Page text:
You are the one living in your body so you know it best – or do you? Next time you visit your health care provider, be sure to ask for your critical health numbers to be screened and to develop a plan to manage them.
There is no better time than the present to take charge of your health. In order to live a healthy, fulfilled life free of frequent doctor’s visits, taking medications, or being hospitalized, there are certain health numbers you need to know. Knowing these numbers and what they mean to your health, is when you begin the journey of personal responsibility towards a healthier, longer life.
1. Blood pressure
According to the Centers for Disease Control and Prevention (CDC), about 103 million American adults (32%) have high blood pressure – that’s one in every three adults. Besides adults, high blood pressure or hypertension can also develop in children. Having high blood pressure greatly increases the risk for heart disease and stroke leading causes of death in the U.S.
Belly fat cause inflammation which can damage arteries
Know your blood pressure numbers. The only way you’ll know what it is, is to have your blood pressure tested, usually at a doctor’s office or pharmacy. Previous guidelines that have been used for many years defined high blood pressure as 140/90 millimeters of mercury or greater. Now, the new guidelines defines high blood pressure as 130/80 or greater. Always ask what it is every time you have it taken – it’s your right to know.
2. Body weight
Many people avoid stepping on a bathroom scale like the plague. But knowing how much you weigh is an overall indicator of your health. Currently, according to the CDC, more than one-third (36.5%) of U.S. adults are obese. Being obese puts a person at a higher risk for developing heart disease, stroke, type 2 diabetes, certain types of cancer, gout, hypertension, chronic kidney disease and other leading causes of preventable deaths.
Here is a formula for determining a healthy weight range for men and women:
Women – Calculate 100 pounds for the first five feet of height (60 inches). Add five pounds for every additional inch. For example, the ideal weight of a woman who is five feet, five inches tall would be 125 pounds. Give or take 10% depending on her frame size (small, medium, large) her healthy weight range is between 113 and 138 pounds.
Men – Calculate 106 pounds for the first five feet of height (60 inches). Add six pounds for every additional inch. So, if a man is five feet, 11 inches tall, ideally he would weigh 172 pounds or stay within a weight range of 155 to 189 pounds, plus or minus his frame size.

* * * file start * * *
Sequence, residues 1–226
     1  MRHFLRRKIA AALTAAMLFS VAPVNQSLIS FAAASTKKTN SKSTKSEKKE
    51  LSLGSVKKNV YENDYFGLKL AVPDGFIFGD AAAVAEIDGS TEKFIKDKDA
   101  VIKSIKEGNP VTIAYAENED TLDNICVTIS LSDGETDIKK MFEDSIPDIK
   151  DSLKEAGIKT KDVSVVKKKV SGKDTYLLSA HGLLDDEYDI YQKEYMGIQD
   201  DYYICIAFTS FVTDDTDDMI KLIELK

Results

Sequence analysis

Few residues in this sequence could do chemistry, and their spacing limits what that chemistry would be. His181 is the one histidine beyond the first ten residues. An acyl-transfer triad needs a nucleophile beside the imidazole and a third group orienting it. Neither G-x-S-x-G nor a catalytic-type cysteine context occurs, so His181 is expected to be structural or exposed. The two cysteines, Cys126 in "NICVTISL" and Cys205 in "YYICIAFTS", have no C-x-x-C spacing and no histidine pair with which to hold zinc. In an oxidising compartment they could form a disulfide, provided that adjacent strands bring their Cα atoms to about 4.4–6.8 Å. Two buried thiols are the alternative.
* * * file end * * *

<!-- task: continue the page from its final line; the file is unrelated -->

3. Waist size
How much you weigh is important but also critical is knowing what your waist size is. Having a large waistline means you have a type of fat deep within the abdominal cavity called visceral fat. Visceral fat also called belly fat is capable of releasing protein and hormones that cause inflammation which can damage arteries, enter the liver and affects how your body breaks down sugars and fat.
Obesity puts a person at a higher risk for developing heart disease
A waist size over 35 inches in women and over 40 inches in men greatly increases the risk of chronic diseases such as type 2 diabetes, heart disease, stroke, and high blood pressure.
To correctly measure your waist size, using a measuring tape, measure at your natural waistline which is above your hipbone and below the ribcage – about where the belly button is.
4. Blood lipid numbers
Having high blood lipid numbers puts a person at a higher risk of cardiovascular disease. These numbers include knowing your total cholesterol, high density lipoprotein (HDL or good cholesterol), low density lipoprotein (LDL or bad cholesterol), and triglycerides. Screenings for heart health should begin at age 20 and then with regular checks at least once every five years unless the levels are high, which then should be done more frequently.
5. Blood glucose number
Diabetes affects approximately 29 million Americans putting them at risk of serious health conditions of heart disease including stroke and peripheral artery disease, kidney disease, metabolic syndrome, vision damage and nerve damage which could lead to amputation.
Starting at age 45, you should have your blood glucose level taken every five years. However, if you are under the age of 45, overweight, and have one or more of the additional risk factors of the following, then you should be tested every three years:
- High blood pressure
- High blood cholesterol
- Family history of diabetes
- Are African American, Hispanic, Native American or Pacific Islander
- History of gestational diabetes or baby weighing more than nine pounds
Dr. Samadi is a board-certified urologic oncologist trained in open and traditional and laparoscopic surgery and is an expert in robotic prostate surgery. He is chairman of urology, chief of robotic surgery at Lenox Hill Hospital. He is a medical contributor for the Fox News Channel's Medical A-Team. Follow Dr. Samadi on Twitter, Instagram, Pinterest, SamadiMD.com, davidsamadiwiki, davidsamadibio and Facebook.